The first missing numbers: the savings from Universal Credit

The first missing numbers: the savings from Universal Credit

This is a post from Missing Numbers, a new blog about the gaps in government data by Anna Powell-Smith. Learn more about this project.

If you’ve read the news in Britain in the past decade, you’ve probably heard of Universal Credit, though you may not be too sure what it is. It’s the current Government’s main welfare policy, which is a fancy way of saying that it is the mechanism through which the government ensures that people who can’t work don’t actually starve or become homeless.

Universal Credit (UC) is a big change from what came before, and many others have written about whether they believe it’s working. But that’s not the point of this blog, Missing Numbers.

Here, I focus on whether the government actually collects the data required to know if this policy is succeeding. What data would the government need, in order to know whether or not UC was working?

Let’s start by looking at the Government’s official aims for the policy. These are:

1. Make the benefit system fairer and more affordable
2. Reduce poverty, worklessness and welfare dependency
3. Reduce levels of fraud and error.

Of course, there’s lots more data it could track to make sure the policy is being delivered successfully, and not having unwanted side-effects - I’ll write about that data in future.

But in short, the official, measurable aims are:

  1. Reduce the cost of the benefit system
  2. Reduce unemployment
  3. Reduce fraud and error.

In this post, I just want to look on point 1: what data the Government is collecting about the savings from UC. (I've been reading Cass Sunstein's excellent book on cost/benefit analysis, which argues that this is the most important data any government can collect.)

What data exists on whether Universal Credit reduces the cost of the benefit system?

In 2012, as UC was first being developed, the Department for Work and Pensions (DWP) laid out its plans for monitoring costs and benefits in its UC Evaluation Framework. It said it would look at five questions:

How much does Universal Cost [sic] to deliver? When do the different benefits and costs occur and what is the difference between the short-run and the long-run steady state costs and benefits? How are the benefits and costs distributed between different groups? What is the monetary value of the various impacts identified under other evaluation themes? What is the overall net value of Universal Credit?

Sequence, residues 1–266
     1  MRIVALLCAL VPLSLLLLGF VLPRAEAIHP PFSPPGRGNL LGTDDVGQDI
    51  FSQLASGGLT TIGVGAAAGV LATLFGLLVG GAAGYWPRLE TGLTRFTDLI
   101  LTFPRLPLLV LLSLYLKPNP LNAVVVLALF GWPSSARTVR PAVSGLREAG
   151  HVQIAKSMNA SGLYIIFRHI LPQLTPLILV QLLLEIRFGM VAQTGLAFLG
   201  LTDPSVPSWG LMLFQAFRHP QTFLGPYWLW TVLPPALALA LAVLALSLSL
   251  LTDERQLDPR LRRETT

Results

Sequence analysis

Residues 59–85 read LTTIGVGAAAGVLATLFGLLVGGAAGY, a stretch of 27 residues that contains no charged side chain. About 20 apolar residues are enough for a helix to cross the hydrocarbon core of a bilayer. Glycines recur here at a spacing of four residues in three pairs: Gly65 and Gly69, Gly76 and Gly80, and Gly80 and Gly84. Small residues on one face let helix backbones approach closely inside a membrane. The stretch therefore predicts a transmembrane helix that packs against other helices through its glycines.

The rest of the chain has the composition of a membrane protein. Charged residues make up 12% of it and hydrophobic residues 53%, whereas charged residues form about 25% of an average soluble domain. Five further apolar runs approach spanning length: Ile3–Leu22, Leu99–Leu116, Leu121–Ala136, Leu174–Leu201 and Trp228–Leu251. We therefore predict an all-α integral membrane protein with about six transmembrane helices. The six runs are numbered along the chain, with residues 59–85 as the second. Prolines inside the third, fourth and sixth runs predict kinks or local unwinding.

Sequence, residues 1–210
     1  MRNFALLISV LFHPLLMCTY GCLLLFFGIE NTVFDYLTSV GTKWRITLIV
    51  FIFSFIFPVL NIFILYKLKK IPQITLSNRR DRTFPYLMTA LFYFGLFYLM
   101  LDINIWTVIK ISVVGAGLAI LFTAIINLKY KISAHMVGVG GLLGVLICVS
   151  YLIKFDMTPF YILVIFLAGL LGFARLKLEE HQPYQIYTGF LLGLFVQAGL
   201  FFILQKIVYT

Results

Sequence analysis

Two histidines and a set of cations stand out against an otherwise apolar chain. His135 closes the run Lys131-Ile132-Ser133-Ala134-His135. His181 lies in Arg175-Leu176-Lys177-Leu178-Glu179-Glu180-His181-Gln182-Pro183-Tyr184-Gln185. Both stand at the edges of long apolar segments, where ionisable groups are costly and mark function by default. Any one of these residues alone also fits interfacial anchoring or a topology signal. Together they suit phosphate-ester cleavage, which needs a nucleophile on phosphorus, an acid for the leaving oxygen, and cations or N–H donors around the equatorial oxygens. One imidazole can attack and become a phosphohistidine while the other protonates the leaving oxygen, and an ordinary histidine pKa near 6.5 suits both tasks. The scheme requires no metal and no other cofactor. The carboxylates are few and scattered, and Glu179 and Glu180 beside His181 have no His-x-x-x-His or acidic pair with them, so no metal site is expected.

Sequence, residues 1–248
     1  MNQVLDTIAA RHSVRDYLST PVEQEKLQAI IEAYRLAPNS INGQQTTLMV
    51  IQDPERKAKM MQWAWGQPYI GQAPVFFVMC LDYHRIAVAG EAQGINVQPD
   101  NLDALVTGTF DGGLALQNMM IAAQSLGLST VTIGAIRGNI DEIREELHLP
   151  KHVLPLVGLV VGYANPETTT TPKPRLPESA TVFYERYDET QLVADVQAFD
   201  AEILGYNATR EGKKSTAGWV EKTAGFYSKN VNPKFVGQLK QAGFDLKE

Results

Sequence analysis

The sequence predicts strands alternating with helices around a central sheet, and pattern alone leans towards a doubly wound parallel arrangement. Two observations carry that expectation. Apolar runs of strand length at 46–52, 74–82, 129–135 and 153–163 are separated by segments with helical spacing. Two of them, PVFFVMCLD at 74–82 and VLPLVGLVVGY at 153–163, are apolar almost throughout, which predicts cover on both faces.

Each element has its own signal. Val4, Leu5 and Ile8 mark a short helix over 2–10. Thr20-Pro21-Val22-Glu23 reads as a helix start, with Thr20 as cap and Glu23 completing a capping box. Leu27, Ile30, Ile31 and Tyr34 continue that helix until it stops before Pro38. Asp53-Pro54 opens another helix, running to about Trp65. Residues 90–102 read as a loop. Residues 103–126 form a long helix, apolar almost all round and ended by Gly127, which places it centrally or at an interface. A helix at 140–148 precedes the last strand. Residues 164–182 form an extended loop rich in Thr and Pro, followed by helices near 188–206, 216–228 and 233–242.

It said these would be tracked via “administrative data”, “programme finance information”, and “outcomes from impact assessments”. But it didn’t go into more detail about what data it would use, or explain how it would use this data to answer the questions.

In 2016, DWP published an updated Evaluation Framework. It did not answer any of the questions above. Instead, on cost/benefit analysis, it said only:

We are continuing to undertake a programme of economic analysis.

And the section on ‘future work’ did not mention cost/benefit analysis at all.

In June 2018, under pressure, DWP made public its Business Case for UC. This estimated that UC would save £8 billion per year once fully rolled out. The Business Case is long, and it would be painful to unpick how data-driven it is, but luckily we don’t have to do that, because the National Audit Office has done it for us.

The National Audit Office's verdict: the data's not strong enough

In its report on Universal Credit in June 2018, the NAO stated the cost/benefit data in the Business Case was not strong enough to draw any firm conclusions: